According to the theory previously developed if the strong force charge of a proton is taken to be +1 then that of a neutron is −2/3. Thus the net strong force charge of an alpha module is +2/3. Alpha particles repel each other as do other alpha modules. The coefficient for the alpha module interactions should be negative. On the other hand alpha modules, with a charge of +2/3, and neutron-neutron pairs with a charge of −4/3 attrack each other and the coefficient for their interactions should be positive. Proton-proton spin pairs have a strong force charge of +2 repel alpha modules and the coefficient for their interactions should be negative. A neutron-proton spin pair has a net strong force charge of 1/3 so they repel alpha modules and the coefficient for such interactions should be negative.
Since neutrons repel each other through the strong force the coefficient for the interactions of neutron-neutron pairs with each other should be negative. The same applies for proton-proton spin pairs.
There could also be binding energy effects due to the interaction of a singleton neutron or a singleton proton with the other substructures. There are 1466 nuclides with a singleton neuton and 1460 with a singleton proton. Let #sn and #sp denote the number of singleton neutrons and protons, respectively. Only one of the two can be 1 because two of them would form a neutron-proton spin pair. The coefficient for the interaction of alpha modules with a singleton neutron should be positive and with a singleton proton negative.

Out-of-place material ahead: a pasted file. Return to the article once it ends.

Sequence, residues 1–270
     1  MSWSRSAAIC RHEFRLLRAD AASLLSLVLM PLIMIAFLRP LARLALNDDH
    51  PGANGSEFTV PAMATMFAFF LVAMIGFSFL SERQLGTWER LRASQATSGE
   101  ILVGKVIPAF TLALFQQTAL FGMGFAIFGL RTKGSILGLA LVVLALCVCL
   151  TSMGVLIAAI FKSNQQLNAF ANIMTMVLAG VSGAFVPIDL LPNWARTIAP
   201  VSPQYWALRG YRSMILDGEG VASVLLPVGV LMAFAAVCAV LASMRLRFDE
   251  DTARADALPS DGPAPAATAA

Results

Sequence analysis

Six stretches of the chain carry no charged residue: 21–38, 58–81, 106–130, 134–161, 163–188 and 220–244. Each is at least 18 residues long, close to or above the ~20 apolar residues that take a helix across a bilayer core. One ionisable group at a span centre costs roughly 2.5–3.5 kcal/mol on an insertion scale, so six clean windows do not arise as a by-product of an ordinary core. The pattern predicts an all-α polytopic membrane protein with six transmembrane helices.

The regression equation obtained using the above scheme for the binding energies of the 2931 nuclides is as follows.
(t-ratios)
[517.0] [84.1] [-3.2] [-13.7]
[-84.9] [35.4] [-5.1] [13.7]
[-42.2] [5.4] [14.3] [-9.9]
R² = 0.999912
The magnitude of a t-ratio (ratios of a coefficient to its standard deviation) must be at least 2 in order for the coefficient to be significantly different from zero at the 95 percent level of confidence. As can be seen the t-ratios are all well above the level of 2.
The predictions for the signs of the interaction terms are borne out except in the case of the interaction of alpha modules and the neutron-proton spin pairs and the interaction of the proton-proton spin pairs. Also there should have been positive values for the formation of proton-proton spin pairs and neutron-proton spin pairs. The coefficients for the interactions of the neutron-neutron and proton-proton spin pairs with singleton neutrons and singleton protons were not statistically significantly different from zero at the 95 percent level of confidence and those variables were eliminated from the regression analysis.
There is support for the alpha module theory of nuclear structure but it is not complete. The predictions are based primarily upon the notion of strong force charges for the proton and neutron being +1 and −2/3, respectively. The signs of crucial regression coefficients such as the interaction of alpha modules and neutron-neutron spin pairs are as the theory of strong force charges predicts. The conventional theory that all nucleons attract each other would predict all of the regression coefficients to be positive. On balance there is more support for the alpha module theory and strong force charges than for the conventional theory.